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Hosting a Craft Beer Boil
Whether it’s a Fourth of July party or just a regular summer bash, it’s a great time to crack into seafood and beers. Summer beers pair perfectly with seafood, and fresh seasonal produce like corn and watermelon. The best part about throwing a big seafood boil (or “bake”) is that the food preparation is shared by all—if you can even call it that. Smacking reddened lobsters with mallets and slurping up oysters from the half-shell are some of the hallmarks of this American tradition.
I sense that this is where I should elaborate on the marvelous ingenuity with which the seafood boil/bake was first invented. But the truth is, a big pot or hot stones spread on the beach are probably the most primitive of cooking vessels. And a seafood boil, whether it’s the Louisiana-style crawfish boil infused with Cajun spices or the New England all-in-one boil with potatoes, is the same idea: one hot, messy, communal way to feed large masses. The bibs especially point to this.
Here’s a few ways to fashion your seafood meal, with suggested beer styles for each.
Shrimp & Lobster Boil with Rolls & Po’ Boys
It’s pretty hard to resist simply scarfing down lobster meat once you’ve conquered the task of cracking its shell. But adding just a few more ingredients can turn it into a satisfying sandwich. Make a little station, setting out toasted hot dog rolls, sauces like mayonnaise, tartar sauce and Tabasco, fresh herbs like dill and chives, and lemon wedges for people to make their own seafood rolls or po’ boys. These classic sandwiches work well with either lobster or shrimp meat—or why not try both?
Pair it with: Zesty, floral, herbal, refreshing IPAs, Pale Ales and Wheat Ales
Like: Ithaca Flower Power IPA, Boulder Beer Hazed & Infused Pale Ale
Clam or Oyster Bake
If you happen to have your own private shore, you can pull off the real deal by digging a ditch to make a small fire atop some rocks. The shellfish get steamed above it, sheathed in a layer of seaweed. This elaborate event is not well-suited to backyards, however. So just use your hibachi grill as the “ditch” and charcoal as the “stones.” Plop the clams, oysters, mussels or other shellfish right on its racks. You can spread damp seaweed on top of them to add the classic aroma. It’ll smell like the sea thanks to the fresh bivalves being heated just enough to pop their shells open. This is always fun to stand around and watch.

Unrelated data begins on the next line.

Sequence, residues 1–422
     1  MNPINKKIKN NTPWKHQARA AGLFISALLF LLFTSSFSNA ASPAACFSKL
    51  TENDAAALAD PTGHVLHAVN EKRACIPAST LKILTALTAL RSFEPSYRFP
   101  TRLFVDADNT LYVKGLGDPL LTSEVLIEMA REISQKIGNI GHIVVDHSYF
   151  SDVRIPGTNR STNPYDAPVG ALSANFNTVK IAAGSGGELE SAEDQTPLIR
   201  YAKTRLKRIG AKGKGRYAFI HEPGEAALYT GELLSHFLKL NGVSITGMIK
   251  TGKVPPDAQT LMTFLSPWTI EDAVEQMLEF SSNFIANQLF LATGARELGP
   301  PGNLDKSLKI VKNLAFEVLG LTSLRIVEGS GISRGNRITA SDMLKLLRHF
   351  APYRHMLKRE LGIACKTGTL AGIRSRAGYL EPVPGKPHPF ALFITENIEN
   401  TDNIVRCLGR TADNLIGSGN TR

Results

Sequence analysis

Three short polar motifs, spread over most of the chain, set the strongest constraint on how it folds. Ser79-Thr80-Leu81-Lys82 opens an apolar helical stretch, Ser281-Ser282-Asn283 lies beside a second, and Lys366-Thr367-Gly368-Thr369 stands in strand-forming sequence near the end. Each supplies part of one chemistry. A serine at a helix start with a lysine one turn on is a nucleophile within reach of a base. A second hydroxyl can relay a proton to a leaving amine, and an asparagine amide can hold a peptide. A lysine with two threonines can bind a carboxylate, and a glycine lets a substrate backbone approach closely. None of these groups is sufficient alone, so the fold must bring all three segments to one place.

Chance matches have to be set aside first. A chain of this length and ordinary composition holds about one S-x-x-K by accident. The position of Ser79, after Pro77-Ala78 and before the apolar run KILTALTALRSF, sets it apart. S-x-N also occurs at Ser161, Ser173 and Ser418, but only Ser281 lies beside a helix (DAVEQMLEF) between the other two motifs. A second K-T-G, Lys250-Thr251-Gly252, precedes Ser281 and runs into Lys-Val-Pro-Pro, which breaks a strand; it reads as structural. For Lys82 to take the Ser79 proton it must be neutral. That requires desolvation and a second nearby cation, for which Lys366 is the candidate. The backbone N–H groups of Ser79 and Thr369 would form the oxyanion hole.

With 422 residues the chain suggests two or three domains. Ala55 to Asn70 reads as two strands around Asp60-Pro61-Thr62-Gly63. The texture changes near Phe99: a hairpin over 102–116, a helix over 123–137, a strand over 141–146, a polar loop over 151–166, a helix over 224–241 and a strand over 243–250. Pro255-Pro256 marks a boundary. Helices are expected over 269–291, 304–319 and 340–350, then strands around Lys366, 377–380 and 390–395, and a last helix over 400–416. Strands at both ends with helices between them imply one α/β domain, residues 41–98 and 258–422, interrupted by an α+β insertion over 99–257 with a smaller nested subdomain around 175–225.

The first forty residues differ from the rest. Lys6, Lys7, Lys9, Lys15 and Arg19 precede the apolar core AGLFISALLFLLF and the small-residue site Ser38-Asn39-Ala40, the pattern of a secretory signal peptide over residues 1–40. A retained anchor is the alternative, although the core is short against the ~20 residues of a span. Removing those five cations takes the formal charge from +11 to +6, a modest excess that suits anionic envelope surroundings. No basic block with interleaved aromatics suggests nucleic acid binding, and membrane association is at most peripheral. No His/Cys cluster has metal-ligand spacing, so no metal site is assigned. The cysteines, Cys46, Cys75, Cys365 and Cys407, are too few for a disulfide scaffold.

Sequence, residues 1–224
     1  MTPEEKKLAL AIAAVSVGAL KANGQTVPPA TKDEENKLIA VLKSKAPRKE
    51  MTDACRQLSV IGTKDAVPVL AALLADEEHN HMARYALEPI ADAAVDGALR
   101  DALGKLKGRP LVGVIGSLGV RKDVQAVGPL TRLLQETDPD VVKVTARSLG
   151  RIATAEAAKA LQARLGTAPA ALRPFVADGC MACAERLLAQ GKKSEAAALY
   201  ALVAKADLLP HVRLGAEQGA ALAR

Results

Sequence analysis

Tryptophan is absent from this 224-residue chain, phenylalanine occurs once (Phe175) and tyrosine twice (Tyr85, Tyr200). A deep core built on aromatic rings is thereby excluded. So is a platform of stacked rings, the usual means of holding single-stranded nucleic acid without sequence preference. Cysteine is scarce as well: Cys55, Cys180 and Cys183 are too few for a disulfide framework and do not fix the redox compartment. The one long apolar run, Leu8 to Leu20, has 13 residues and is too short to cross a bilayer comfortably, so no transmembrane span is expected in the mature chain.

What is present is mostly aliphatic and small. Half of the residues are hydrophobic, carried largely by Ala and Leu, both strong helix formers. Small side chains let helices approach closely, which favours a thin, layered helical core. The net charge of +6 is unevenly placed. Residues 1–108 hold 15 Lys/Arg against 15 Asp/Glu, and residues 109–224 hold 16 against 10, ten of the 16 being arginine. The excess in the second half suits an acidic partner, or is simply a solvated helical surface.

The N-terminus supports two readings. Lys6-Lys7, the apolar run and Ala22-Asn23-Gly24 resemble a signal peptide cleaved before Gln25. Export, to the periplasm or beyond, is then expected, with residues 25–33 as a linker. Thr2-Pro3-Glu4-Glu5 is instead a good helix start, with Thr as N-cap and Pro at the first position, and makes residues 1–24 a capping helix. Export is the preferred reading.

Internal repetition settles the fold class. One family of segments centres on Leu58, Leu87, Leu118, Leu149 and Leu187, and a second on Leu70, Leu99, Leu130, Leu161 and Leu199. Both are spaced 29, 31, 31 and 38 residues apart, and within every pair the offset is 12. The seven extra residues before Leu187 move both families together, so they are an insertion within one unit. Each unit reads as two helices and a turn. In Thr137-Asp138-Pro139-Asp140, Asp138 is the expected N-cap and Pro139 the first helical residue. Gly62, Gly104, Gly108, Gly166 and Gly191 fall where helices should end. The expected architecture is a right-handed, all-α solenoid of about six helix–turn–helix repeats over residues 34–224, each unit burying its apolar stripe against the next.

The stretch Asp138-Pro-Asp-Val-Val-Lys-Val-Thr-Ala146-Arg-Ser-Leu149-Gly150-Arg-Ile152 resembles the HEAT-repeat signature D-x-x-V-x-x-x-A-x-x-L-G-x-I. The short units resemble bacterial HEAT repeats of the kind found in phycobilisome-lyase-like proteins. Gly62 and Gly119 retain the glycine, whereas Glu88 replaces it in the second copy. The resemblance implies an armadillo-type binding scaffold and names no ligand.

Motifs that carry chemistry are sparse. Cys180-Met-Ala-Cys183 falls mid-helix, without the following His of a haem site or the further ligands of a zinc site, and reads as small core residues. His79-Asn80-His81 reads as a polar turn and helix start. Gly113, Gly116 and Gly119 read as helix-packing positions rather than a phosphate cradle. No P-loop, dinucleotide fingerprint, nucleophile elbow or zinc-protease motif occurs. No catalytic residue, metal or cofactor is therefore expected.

Pair it with: Tangy, citrusy, refreshing, slightly funky summer ales or ciders
Like: Flying Fish Farmhouse Summer Ale, Brooklyn Brewery Summer Ale
Cajun Crab & Critter Boil with the Works
Crabs are one of the peskiest sea creatures to pick apart, but they’re also one of the most delicious. Chesapeake blue crabs from the southern states are considered some of the most delectable, and they’re only in season during summer. Treat yourself to the rare luxury, and throw some crawfish (aka crayfish, crawdads or just “critters”) into the pot for more immediate gratification. These little crustaceans cook faster than popcorn, and are generally eaten by sucking them out of the shell. Be sure to season the cooking water with Cajun spices and bay leaves for classic flavor. And while you’re at it, season some chicken or make a side of gumbo or jambalaya to serve at this special soirée.
Pair it with: Crisp, smooth, effervescent, golden Pilsners and lagers
Like: Dogfish Head Good Helles, North Coast Scrimshaw Pilsner ■